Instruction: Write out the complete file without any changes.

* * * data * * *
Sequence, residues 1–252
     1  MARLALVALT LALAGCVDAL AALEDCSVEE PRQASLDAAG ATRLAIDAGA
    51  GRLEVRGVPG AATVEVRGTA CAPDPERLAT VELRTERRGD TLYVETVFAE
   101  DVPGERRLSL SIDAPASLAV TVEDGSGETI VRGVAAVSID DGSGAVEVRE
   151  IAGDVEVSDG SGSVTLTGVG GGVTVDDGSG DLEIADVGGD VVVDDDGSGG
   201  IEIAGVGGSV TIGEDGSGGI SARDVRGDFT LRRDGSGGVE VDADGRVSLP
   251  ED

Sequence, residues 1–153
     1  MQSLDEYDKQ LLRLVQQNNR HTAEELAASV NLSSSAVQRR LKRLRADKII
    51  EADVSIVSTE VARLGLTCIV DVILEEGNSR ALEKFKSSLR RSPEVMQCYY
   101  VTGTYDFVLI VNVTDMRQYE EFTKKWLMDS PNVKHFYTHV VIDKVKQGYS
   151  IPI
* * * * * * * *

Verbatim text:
Sequence, residues 1–252
     1  MARLALVALT LALAGCVDAL AALEDCSVEE PRQASLDAAG ATRLAIDAGA
    51  GRLEVRGVPG AATVEVRGTA CAPDPERLAT VELRTERRGD TLYVETVFAE
   101  DVPGERRLSL SIDAPASLAV TVEDGSGETI VRGVAAVSID DGSGAVEVRE
   151  IAGDVEVSDG SGSVTLTGVG GGVTVDDGSG DLEIADVGGD VVVDDDGSGG
   201  IEIAGVGGSV TIGEDGSGGI SARDVRGDFT LRRDGSGGVE VDADGRVSLP
   251  ED

Sequence, residues 1–153
     1  MQSLDEYDKQ LLRLVQQNNR HTAEELAASV NLSSSAVQRR LKRLRADKII
    51  EADVSIVSTE VARLGLTCIV DVILEEGNSR ALEKFKSSLR RSPEVMQCYY
   101  VTGTYDFVLI VNVTDMRQYE EFTKKWLMDS PNVKHFYTHV VIDKVKQGYS
   151  IPI